You will also come across other keys such as Bb (B flat) F or CC# (C sharp). Artisan concertina makers will be able to customise your anglo concertina in the keys you require.
The English concertina is usually found in the key of C. The two innermost rows of the layout constitute a diatonic C scale, distributed alternately between the two sides of the instrument. The two outer rows consist of the sharps and flats required to complete the chromatic scale.
Duet concertinas have the widest range of keys of all the types of concertinas and at their most complex can play nearly all the keys a piano can.
Is it Easy to Learn the Concertina?
Of all the traditional Irish instruments, the concertina is one of the easier instruments to get a decent sound from straight away. You can learn to play a scale very quickly and sounding a note is immediate. Unlike other trickier Irish instruments such as the violin, the uilleann pipes or even the Irish flute, the concertina notes on a well-made concertina are already in tune and achievable with a press of a button and a squeeze of the bellows.
Mastering the concertina, however, takes plenty of practice and musical skill. Players may find the Anglo system easier than the English and vice versa. If you can play the piano, you will probably find the Duet concertina layout quite logical.
What is the Best Concertina for a Beginner?
For traditional Irish music the Anglo concertina is the most popular choice. Look for a 30 button three row concertina in the key of C G. Two rows play the keys of C and G while the third row plays lots of sharps and flats, handy for Irish music.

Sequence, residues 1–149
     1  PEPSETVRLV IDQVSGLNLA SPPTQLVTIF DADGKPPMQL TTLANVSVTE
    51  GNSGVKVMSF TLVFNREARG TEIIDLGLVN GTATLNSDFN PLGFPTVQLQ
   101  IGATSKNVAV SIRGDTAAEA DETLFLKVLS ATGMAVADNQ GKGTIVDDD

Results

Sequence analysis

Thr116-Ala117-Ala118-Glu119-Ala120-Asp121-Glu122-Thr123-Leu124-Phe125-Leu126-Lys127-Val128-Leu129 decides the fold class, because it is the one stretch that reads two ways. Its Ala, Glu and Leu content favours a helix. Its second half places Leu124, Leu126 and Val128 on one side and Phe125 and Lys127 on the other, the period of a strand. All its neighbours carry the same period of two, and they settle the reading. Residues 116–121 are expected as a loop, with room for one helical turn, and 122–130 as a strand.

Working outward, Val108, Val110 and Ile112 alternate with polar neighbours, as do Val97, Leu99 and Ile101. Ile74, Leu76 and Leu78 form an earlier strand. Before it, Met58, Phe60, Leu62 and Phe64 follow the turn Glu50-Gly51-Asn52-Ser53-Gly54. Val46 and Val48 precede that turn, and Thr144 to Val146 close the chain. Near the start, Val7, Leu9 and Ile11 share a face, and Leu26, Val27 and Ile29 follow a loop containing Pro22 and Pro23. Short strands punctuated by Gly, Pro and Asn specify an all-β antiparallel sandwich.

For the best quality beginner Anglo concertina experience consider the McNeela Swan Concertina. It will take a player from novice up to accomplished very easily.
For English folk music you should probably choose an English Concertina. A simple 30 button treble model or tenor-treble concertina will do the job. You will also find baritone and bass concertinas that play one or more octaves down but treble or tenor-treble is the best one to start with.
Check out the Jackie English Concertina by Concertina Connections.
If it’s a Duet concertina you’re hoping to buy take a look at Italian makers Stagi for their Hayden Duet concertina. Its layout is preferred by most beginners and the price is more affordable than other Duet makes.
How Many Buttons Do I need?
It’s best to get a concertina with at least 30 buttons if you’re in any way serious about learning Irish traditional music or indeed English folk music. You can find concertinas with upwards of 80 buttons but for starter instruments a 30 button will cover most musical bases. A 20 button concertina may seem cost effective in the short term but the player will eventually become frustrated with restricted musical keys and look to upgrade fairly quickly.
How Much Does a Concertina Cost?
Concertinas start at around €200 and vintage instruments can reach prices of well over €7,000. A good starter concertina will cost upwards of €400. Good intermediate and advanced concertinas will come in over €1,000.